• Kristy Regester

    I am so excited and grateful to read other people’s stories about living our Faith. Thank you for this series! I am looking forward to it.

  • Shannon Hernandez

    After our sixth baby was born, and we learned that child number four had autism, we discerned that our family was complete (though we certainly would have accepted another child had He chosen to send us one!). We were 42 and 45 at the time. So we decided that we would not be intimate during the pre-ovulatory phase but only after we had definitive signs that ovulation had occurred. In the immediate post-partum period, that meant several (maybe 8?) months of abstinence while my cycles got back to normal. After that, it meant we had about a week to 10 days available for intimacy during most cycles. The months of abstinence were hard, but reserving relations for the post-ovulatory phase was really not too hard at all. We used the sympto thermal method and relied on both the mucus sign and especially the temperature sign, and we usually waited one extra day for added certainty. I would encourage anyone with very serious reasons to avoid pregnancy to look into this option. Assuming you can tell when you ovulate using your preferred method, this is a very reliable rule to follow–I believe it is the same effectiveness as the most effective contraceptives. It’s been 10 years for us, and we are so glad we stayed the course and did not give into the temptation to surgical sterility. Practicing periodic abstinence really is a training in virtue and has helped us grow together in love and in our faith. God is always good and faithful; He will never abandon us! Blessings to all, and keep fighting the good fight!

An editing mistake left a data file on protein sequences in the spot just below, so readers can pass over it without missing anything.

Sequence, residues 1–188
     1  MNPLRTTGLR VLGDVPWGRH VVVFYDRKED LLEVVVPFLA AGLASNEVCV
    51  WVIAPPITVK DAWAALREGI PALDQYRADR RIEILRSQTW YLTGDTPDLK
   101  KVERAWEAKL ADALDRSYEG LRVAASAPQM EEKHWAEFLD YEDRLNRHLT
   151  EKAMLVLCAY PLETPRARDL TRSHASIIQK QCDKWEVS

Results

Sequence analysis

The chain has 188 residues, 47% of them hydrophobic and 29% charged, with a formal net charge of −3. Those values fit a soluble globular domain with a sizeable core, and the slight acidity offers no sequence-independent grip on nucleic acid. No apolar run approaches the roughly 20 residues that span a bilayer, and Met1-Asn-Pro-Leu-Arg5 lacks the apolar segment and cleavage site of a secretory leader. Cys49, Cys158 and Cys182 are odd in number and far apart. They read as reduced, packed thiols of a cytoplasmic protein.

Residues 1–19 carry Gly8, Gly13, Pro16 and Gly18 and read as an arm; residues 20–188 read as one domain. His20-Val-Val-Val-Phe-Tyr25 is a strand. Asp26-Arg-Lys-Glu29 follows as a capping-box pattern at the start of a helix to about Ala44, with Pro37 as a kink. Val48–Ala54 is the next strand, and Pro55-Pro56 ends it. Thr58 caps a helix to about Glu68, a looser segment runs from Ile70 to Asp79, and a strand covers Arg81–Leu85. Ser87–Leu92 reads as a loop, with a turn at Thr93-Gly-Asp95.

• L